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Press release

  • 31 March 2006

Sussex physicists celebrate first findings of major neutrino experiment

Physicists at the University of Sussex are celebrating the first findings of a major international experiment to understand one of the mysteries of the universe.

Drs Lisa Falk Harris and Philip Harris are among the scientists taking part in the Main Injector Neutrino Oscillation Search (MINOS), which is designed to study ghostly sub-atomic particles called neutrinos. Neutrinos are able to traverse the entire Earth without interacting with matter, but the experiment has provided confirmation that neutrinos do, in fact, have mass.

Now the work will focus on how three different types of neutrino are able to transform one into another.

The Sussex team were responsible for designing a system to measure energy emitted by colliding neutrinos for a specialised 5,400 ton underground detector. The experiment involved beaming neutrinos straight through the earth from Fermi National Accelerator Laboratory (Fermilab) in Chicago to the detector 450 miles away in Minnesota. It took the scientists 11 years to develop the detector and the beam was switched on last year.

Dr Falk Harris says the findings now shape the progress of further work. "Originally, neutrinos were thought to be mass-less, but we now know that that isn't the case. In addition, they exhibit the most extraordinary behaviour - due to a quirk of quantum mechanics, the fact that they have slightly different masses allows the three distinct types of neutrinos to transmute from one to another as they travel along. This so-called oscillation is the property that we'll be studying with unprecedented precision."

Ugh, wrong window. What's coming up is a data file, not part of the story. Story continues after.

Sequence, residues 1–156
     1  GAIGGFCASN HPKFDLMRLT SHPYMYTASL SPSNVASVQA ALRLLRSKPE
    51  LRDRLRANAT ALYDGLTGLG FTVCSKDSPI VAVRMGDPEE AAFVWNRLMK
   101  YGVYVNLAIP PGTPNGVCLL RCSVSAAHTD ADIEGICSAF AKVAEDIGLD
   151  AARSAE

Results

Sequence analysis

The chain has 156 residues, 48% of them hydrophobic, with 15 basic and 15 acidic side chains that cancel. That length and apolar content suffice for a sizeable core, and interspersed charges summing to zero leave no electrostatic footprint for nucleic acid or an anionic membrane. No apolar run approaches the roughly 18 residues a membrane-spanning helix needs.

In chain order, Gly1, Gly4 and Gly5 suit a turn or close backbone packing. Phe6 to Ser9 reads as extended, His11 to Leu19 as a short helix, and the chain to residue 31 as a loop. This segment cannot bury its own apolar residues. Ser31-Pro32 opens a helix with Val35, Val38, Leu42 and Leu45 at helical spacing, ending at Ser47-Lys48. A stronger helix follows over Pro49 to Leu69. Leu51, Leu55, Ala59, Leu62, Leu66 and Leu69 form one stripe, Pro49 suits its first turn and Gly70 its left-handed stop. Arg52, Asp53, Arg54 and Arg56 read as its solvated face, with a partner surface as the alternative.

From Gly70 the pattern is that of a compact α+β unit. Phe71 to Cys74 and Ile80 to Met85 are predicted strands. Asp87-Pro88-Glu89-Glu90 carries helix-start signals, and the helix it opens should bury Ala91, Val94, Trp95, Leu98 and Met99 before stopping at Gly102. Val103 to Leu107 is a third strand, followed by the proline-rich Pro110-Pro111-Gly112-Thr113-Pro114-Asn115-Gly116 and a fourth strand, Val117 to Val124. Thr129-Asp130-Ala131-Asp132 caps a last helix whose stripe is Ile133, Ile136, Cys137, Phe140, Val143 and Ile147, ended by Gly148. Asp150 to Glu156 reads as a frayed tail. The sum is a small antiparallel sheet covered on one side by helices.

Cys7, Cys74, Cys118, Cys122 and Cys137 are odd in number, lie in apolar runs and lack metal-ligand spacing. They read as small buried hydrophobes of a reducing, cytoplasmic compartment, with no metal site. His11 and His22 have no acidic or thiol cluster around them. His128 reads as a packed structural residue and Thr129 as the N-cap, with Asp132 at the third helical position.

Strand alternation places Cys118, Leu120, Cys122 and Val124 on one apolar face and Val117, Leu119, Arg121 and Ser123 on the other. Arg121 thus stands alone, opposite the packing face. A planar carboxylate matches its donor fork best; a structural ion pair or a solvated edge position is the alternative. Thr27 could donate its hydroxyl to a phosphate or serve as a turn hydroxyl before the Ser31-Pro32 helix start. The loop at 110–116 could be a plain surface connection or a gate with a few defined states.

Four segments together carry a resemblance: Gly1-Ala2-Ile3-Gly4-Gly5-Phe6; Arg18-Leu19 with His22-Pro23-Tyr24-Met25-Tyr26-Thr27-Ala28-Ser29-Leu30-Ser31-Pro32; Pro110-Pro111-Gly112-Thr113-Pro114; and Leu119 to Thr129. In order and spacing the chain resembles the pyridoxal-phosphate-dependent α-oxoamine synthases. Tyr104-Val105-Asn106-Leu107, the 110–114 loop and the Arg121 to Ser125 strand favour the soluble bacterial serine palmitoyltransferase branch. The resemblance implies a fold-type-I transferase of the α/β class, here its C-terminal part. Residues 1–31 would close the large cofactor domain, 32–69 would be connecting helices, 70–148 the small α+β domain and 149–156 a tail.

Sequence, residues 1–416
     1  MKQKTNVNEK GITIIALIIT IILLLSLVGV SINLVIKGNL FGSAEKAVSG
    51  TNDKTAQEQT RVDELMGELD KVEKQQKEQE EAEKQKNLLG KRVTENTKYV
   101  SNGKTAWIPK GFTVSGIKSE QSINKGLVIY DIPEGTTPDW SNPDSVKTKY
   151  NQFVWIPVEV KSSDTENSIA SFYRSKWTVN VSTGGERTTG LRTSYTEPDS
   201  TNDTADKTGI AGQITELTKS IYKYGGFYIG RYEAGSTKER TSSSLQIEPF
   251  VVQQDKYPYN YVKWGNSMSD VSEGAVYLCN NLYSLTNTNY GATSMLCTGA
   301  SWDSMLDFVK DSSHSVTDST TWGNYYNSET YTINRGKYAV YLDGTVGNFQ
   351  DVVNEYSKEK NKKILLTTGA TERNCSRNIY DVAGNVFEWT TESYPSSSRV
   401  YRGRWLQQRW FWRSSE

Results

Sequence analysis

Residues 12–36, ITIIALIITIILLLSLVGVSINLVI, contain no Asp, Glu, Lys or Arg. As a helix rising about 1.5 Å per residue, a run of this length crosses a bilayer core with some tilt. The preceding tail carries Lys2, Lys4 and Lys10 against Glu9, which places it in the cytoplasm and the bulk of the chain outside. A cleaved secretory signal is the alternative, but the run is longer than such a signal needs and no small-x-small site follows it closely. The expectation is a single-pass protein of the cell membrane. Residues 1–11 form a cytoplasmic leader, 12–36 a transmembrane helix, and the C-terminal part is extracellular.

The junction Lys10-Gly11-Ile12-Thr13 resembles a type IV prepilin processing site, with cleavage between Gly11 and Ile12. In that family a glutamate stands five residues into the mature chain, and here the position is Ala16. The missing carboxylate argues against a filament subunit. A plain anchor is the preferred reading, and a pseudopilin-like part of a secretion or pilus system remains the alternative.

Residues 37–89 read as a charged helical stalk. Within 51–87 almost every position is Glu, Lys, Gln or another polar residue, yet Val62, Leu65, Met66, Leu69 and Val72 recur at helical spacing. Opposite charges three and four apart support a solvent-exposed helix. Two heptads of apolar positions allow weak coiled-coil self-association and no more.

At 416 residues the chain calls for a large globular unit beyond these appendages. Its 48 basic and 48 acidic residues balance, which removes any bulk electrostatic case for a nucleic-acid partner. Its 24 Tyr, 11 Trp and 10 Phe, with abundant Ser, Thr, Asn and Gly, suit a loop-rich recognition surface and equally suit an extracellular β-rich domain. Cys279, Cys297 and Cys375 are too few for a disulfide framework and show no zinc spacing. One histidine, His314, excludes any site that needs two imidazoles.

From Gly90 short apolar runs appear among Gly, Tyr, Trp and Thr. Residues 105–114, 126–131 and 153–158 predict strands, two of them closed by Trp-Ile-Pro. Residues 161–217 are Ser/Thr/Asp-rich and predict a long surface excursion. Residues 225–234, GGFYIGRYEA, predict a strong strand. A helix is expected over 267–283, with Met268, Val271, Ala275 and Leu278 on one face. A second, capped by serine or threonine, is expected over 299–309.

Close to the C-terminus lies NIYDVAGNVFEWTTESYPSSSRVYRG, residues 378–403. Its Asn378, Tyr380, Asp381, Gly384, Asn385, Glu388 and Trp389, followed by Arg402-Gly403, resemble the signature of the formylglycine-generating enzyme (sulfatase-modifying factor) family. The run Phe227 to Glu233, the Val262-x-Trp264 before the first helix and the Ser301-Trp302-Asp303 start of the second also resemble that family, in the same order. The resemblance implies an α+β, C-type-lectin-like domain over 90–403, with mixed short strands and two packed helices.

Neutrinos are vital to our understanding of the Universe, yet scientists know very little about them. The abundance of neutrinos in the universe, produced by stars and nuclear processes, may explain how galaxies formed and why antimatter has disappeared. Originally neutrinos were thought to have no mass, but previous experiments suggested that they can oscillate between the three types - a phenomenon which is only possible if they do have mass.

Dr Falk Harris adds; "Our results will set the scope for further studies of neutrinos for years to come, ultimately helping us to understand the formation of the universe."

The MINOS experiment includes about 150 scientists, engineers, technical specialists and students from 32 institutions in 6 countries. The U.S. Department of Energy provides the major share of the funding, with additional funding from the U.S. National Science Foundation and from the United Kingdom's Particle Physics and Astronomy Research Council.

Notes for editors

Fermilab press release and images:

More information on the MINOS experiment is at

University of Sussex press office contacts: Jacqui Bealing and Maggie Clune,  Tel: 01273 678888,  email:

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